The problem with prolonged moping was the drama’s main conflicts were neither fully developed nor resolved satisfactorily. At 18 episodes, you’d think they had enough time to plot it out, but like most of dramas, Moonlight didn’t. Case in point: Gyeong-nae’s treason. He was deemed dead for a decade but was captured the moment he was out to meet Ra-on’s mom. He was brought to the palace, tortured, and nearly executed, but following his escape, his grave crime and status were hardly mentioned — Ra-on’s crimes were pardoned, what about his? But well, it’s not as if the way Ra-on got away from hers wasn’t ridiculous — she wasn’t the one who found the late Queen’s letter yet treated as the hero for it. Speaking of the queen, turns out her death wasn’t related to the riot as i believed was the case all series long. I couldn’t fathom why Premier Kim needed to kill her though; his threat for her to step down on her own (just because she read a western book) seemed to work already.
The last major complaint i had was regarding the body count. Those who should’ve died didn’t and those who shouldn’t have did. I was happy that Ra-on’s mom was alive, and though having thoughts about it, i didn’t expect Gyeong-nae to return this late in the game. Besides, it’s quite absurd for the initiator to survive the revolution attempt and lay low to nobody’s knowledge. Next, Byung-yeon’s sacrifice, which i still can’t decide whether it’s done as his part of the rebel group or as the best way to save everyone. Him drawing his sword to Yeong’s neck was regretful regardless, but it was well-played that i felt cheated by his survival. I bawled so hard, you know! He’s gotten his moment and poignant send-off, after all.
But then there’s Yoon-sung’s sacrifice. If Byung-yeon’s was noble, Yoon-sung’s was stupid. Of all moments and ways to go down a hero, i can’t believe he chose to end his life his way. Granted, it was to save Ra-on (for the nth times), but it could’ve been more thought-out and tragic. Or believable. He faced a group of hired assassins before and walked out with only an injured palm, how could he not handle his own men? Also, what were the minions thinking, slashing their master’s grandson!? If he’s really supposed to die this way, Moonlight could’ve at least made him intercept the kidnapping attempt instead of having him come with them. The entire scene was so ridiculous i wasn’t even teary at his demise.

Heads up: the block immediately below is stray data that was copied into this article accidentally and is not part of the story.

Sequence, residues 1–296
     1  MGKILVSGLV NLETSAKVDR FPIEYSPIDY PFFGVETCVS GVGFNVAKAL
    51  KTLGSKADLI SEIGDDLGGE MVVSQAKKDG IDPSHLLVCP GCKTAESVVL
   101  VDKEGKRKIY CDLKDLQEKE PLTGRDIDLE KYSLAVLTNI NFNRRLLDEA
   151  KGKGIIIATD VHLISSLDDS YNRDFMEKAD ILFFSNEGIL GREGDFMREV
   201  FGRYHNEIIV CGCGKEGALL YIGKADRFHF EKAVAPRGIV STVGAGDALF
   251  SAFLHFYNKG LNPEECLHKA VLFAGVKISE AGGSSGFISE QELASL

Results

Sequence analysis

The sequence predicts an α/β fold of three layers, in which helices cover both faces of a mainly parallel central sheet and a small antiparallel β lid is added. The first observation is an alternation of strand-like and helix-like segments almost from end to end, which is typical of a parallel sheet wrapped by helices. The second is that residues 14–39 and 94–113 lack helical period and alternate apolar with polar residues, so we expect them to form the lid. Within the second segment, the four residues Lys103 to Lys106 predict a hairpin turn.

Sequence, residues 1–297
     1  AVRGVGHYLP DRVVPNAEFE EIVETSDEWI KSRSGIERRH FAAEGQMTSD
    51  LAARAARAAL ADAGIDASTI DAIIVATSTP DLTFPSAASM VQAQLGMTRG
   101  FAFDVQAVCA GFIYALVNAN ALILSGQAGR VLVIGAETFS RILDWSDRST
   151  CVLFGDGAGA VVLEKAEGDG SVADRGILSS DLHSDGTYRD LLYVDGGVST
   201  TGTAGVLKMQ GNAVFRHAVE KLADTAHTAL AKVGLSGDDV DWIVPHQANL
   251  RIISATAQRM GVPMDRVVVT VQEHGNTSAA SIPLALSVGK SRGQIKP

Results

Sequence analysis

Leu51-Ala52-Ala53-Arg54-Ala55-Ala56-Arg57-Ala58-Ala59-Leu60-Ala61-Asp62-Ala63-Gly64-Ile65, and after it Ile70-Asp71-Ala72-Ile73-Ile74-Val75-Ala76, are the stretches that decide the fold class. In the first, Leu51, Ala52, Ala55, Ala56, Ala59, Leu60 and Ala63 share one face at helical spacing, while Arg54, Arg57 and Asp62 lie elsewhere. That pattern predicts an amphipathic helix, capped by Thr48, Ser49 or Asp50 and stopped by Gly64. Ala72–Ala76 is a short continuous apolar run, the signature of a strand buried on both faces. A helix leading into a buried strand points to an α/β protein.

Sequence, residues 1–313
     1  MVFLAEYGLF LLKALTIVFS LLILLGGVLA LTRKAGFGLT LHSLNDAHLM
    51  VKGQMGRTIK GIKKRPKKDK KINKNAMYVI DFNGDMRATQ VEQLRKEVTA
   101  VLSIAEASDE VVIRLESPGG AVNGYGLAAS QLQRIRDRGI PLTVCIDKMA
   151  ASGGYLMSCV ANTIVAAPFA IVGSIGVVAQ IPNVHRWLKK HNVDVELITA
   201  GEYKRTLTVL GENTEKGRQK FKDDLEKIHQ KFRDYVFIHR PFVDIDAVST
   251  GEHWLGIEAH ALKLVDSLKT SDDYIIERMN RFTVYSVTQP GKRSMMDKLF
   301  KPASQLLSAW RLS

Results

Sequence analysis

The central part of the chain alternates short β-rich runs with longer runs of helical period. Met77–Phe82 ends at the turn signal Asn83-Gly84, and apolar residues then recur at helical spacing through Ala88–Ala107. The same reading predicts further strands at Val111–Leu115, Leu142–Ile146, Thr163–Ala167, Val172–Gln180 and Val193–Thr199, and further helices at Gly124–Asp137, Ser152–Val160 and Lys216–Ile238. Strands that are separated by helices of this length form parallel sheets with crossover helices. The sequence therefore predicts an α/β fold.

So yeah, maybe i was reluctant to write a follow-up post after episode 10 because the negatives have outweighed the positives. Me disappointed at a drama’s final third isn’t new, but i sincerely thought Moonlight could produce a satisfying conclusion. It wasn’t boring, but it did falter toward the finish line. It wasn’t a perfect drama; its flaws became more and more apparent and impossible to ignore in the latter half.
With beautiful cinematography and sweeping OSTs, it was fun while it lasted. But in retrospect, what sticks with me is how dazzling Park Bo-gum was — he completely owned the role — and how utterly disappointing a character Ra-on was. Too bad Kim Yoo-jung didn’t manage to do much with it — the writing’s to blame, not acting. Yoon-sung was a standard second-lead material though thankfully Ha-yeon wasn’t. I appreciate that she stayed a good person till the end despite the instances/chances for her to turn evil.
Many people groused about how Moonlight totally disregarded history by making Yeong a king. I for one was fine with it. The prophecy bit of him dying young, plus the reading on the figure he’s based on, did make me assume he would end up faking his death to stay true to history yet achieve a happy ending, but the show gave us a nice if confusing twist to justify the change. I don’t mind the ending, though i wonder if Gyeong-nae was thoroughly fine with leaving the leadership in his hands. Cuz if you ask me, what’s a better revolution than the crown prince uniting with the rebel’s daughter?
Director: Kim Sung-yoon
Production: KBS2, 2016
Cast: Park Bo-gum, Kim Yoo-jung, Jung Jin-young, Kwak Dong-yeon, Chae Soo-bin, Cheon Ho-jin
Genre: Romance, fusion period K-drama (18 Episodes)